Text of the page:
Wednesday, December 4, 2013

The Mental Game of Agility

Agility can be confusing, to say the least....especially if you're competing. Do you admit you're IN IT TO WIN? Or do you say that you're training (and competing) JUST FOR FUN?  How do you mentally prepare for an agility trial?  What do you think about - winning? and/or fun??  (Because you can't deny that winning is fun...)

I think agility is a good way to discover the wonder and glory of teamwork with a dog. And entering a trial is a way to share your discovery.

Maybe we don't need to think of WINNING and/or JUST HAVING FUN. It's not always easy to develop and maintain the kind of 'mental game' needed for either one of those goals.  Sometimes we have physical limitations or family concerns. We don't always feel graceful. We don't always feel fun.

So maybe we can try to focus our mental game on SHARING. Our goal can be to simply share the beauty of our teamwork...AS IS. Because it's a beautiful thing - warts and all. Think about it! We have worked with our dogs enough to build this beautiful ability to get through an agility course as a team.

Even if you get clumsy and your dog drops a bar, or you don't run fast enough to prevent an off-course, you're still a TEAM. You were golden before you even stepped up to the start line.  Why worry about winning?  Instead, concentrate on your partnership with your dog.  Think about how lucky you are to be at the start line, and then go play for a minute. 

Another nice thing to think about - you can always BRING HOME COOL STUFF from an agility trial, without any ribbons or qualifying runs.

If you keep your eyes and ears open, if you figure out how to relax and listen while you "hurry up and wait", if you're willing to share the glory of your team, if you're willing to learn from the glory of the teams around get cool stuff.

A few examples:
1) Funny stories
2) Training ideas (you'll see some amazing runs!)
3) Smooth dance moves from a walk-thru flash mob
4) The brand name of a great folding chair
5) The chance to hold a new puppy (or a smiling baby!)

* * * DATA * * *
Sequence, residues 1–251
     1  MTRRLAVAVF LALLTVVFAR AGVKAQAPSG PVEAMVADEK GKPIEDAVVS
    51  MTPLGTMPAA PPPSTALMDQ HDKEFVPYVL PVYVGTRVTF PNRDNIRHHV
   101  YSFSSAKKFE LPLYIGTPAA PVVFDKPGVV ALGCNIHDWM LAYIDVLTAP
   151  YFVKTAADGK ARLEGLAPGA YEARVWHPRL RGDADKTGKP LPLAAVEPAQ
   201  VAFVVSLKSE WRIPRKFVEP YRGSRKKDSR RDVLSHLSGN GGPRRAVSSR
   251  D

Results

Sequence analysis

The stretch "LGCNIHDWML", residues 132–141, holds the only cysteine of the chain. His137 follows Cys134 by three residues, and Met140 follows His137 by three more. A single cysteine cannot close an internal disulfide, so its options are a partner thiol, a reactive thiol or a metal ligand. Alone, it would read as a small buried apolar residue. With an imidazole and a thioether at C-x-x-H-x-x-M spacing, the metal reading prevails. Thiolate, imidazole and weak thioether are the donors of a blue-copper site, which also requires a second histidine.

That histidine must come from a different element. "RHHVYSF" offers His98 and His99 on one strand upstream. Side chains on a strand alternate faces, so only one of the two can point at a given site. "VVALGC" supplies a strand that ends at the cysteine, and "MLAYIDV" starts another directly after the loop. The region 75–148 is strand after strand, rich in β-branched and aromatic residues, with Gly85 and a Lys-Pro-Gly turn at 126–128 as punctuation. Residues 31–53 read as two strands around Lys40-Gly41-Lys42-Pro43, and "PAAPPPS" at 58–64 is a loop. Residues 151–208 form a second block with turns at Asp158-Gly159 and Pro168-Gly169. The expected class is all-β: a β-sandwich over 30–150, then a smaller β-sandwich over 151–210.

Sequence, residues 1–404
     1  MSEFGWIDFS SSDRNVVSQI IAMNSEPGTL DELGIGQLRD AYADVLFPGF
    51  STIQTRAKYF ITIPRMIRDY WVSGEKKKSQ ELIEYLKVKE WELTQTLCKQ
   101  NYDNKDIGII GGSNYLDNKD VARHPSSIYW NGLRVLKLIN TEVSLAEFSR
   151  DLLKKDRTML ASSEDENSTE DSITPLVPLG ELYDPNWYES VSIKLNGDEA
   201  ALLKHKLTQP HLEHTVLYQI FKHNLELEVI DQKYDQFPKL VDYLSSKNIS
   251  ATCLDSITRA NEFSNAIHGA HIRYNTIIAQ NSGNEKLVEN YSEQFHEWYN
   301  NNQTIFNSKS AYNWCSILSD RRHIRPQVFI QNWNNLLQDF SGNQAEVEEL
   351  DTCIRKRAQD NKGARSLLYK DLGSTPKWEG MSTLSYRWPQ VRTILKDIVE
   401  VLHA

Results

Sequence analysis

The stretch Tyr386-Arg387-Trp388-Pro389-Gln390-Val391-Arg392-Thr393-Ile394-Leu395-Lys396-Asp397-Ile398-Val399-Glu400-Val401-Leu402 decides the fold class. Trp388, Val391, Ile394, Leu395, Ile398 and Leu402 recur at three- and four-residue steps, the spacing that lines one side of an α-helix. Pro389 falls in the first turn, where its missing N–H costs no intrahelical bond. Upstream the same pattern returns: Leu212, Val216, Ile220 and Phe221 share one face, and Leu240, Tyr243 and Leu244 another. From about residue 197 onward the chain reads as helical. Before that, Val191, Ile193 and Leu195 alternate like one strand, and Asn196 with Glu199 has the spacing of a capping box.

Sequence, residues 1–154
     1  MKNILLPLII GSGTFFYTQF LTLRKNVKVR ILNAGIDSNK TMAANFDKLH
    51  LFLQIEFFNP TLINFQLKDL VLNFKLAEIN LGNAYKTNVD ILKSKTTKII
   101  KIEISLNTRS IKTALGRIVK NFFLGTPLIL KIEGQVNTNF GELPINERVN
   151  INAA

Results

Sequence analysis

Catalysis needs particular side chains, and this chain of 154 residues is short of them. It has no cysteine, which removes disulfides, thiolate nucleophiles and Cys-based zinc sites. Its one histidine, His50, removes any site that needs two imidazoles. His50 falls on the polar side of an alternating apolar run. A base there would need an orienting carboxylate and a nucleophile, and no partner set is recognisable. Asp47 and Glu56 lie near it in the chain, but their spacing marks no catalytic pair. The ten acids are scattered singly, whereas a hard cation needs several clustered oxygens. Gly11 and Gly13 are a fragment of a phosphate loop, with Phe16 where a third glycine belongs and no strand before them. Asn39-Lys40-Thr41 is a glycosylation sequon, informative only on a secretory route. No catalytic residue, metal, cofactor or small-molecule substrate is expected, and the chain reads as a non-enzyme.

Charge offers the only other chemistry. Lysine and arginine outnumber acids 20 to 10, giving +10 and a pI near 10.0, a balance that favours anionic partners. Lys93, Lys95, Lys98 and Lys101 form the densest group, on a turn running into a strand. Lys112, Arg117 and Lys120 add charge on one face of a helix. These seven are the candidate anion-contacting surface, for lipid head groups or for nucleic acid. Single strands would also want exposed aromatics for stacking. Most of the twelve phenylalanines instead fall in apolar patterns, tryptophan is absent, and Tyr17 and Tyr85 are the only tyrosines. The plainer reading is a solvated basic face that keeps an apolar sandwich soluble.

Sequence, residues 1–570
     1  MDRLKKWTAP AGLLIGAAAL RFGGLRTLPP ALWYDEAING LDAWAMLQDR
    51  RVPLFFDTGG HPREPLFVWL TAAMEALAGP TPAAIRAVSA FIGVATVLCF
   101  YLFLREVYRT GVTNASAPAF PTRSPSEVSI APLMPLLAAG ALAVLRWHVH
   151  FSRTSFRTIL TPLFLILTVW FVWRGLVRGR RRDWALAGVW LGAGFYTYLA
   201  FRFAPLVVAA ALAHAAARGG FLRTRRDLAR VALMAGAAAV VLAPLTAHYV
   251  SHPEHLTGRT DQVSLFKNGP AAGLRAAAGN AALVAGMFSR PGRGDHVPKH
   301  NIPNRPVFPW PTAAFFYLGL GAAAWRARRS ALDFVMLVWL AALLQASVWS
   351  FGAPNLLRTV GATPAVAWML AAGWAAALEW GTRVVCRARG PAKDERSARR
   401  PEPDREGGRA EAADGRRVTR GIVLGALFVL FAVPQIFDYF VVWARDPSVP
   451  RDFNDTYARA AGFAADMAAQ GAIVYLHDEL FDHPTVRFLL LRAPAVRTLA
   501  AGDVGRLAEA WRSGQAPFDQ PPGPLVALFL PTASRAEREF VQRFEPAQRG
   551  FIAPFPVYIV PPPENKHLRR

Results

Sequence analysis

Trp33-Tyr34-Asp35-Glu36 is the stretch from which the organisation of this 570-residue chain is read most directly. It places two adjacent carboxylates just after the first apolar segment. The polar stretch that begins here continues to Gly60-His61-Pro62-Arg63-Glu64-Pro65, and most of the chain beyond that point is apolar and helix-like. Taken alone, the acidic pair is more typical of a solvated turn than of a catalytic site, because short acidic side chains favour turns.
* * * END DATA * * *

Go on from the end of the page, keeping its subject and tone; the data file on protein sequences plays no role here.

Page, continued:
6) Laughter
7) Love

And for more totally cool thoughts on the mental game, check out
You'll be glad you did!

Wednesday, September 4, 2013


(NOTE:  This topic is a "Dog Agility Blogger's Event."  See link below.)

When we found Keeper at the dog pound, she was just a little bipster. 

A sweet pup, she wanted (needed!) to PLAY, PLAY, PLAY.  She was my first border collie (at least "mostly BC"), and she taught me a thing or two. 

I was already firmly into my 50's when Keeper showed up.  On my 50th birthday I had happened to hear a series of "centenarian" interviews on the radio.  The interviewer asked several 100plus-year-olds how they made it that far. 

The answer that stuck with me came from a lady who was 104.  She said,

"It's easy.  Just keep moving."

That seemed a little more do-able than "Drink whiskey with every meal."  (Although I did feel strong admiration for that old fellow...)

So when I was fifty, I decided to move. (Honestly, the only time I felt OLD on a birthday was when I turned 25.  At the time, I just knew that was the beginning of the end.  Ha!)  

By the time Keeper was 1-year-old, we had discovered agility and she was teaching me what the word MOVING really means. 

By the time she was 2, we were competing in Performance classes at USDAA trials.  She's a big girl, with straight-ish shoulders and whompy hips, and I decided before we even started competing not to jump her at 26 inches. 

Part of that reasoning came from knowing my own limitations.  By the time you make it to your fifties, you realize that taking care of your body will buy you more mileage.  If you're put together too awkwardly to sprint, try jogging.  If your dog is put together too awkwardly to jump high, try jumping her lower. 

I didn't want my sweet Keeper to get hurt just because I wanted to be in the Championship classes.   So we did the next best thing....Performance, at 22. 

Still....once in a great while I'd slip her into an AKC class, and jump her at 24.  Those competitive feelings are difficult to deny. 

She was a great first agility dog.  Willing, reasonably speedy, and with a heart of gold.  She was that mixture of "tight" and "drivey" that everyone wants.  As long as I was watching her, she cleared jumps easily.  When my attention wandered, she knocked bars.  She and I were head-over-heels in love.

She did well, for a dog that didn't trial much.  She got a few AKC titles, and a whole slew of USDAA titles.  Over the years we made it into Regionals finals, into the Nationals, and onto a few USDAA Top Ten lists.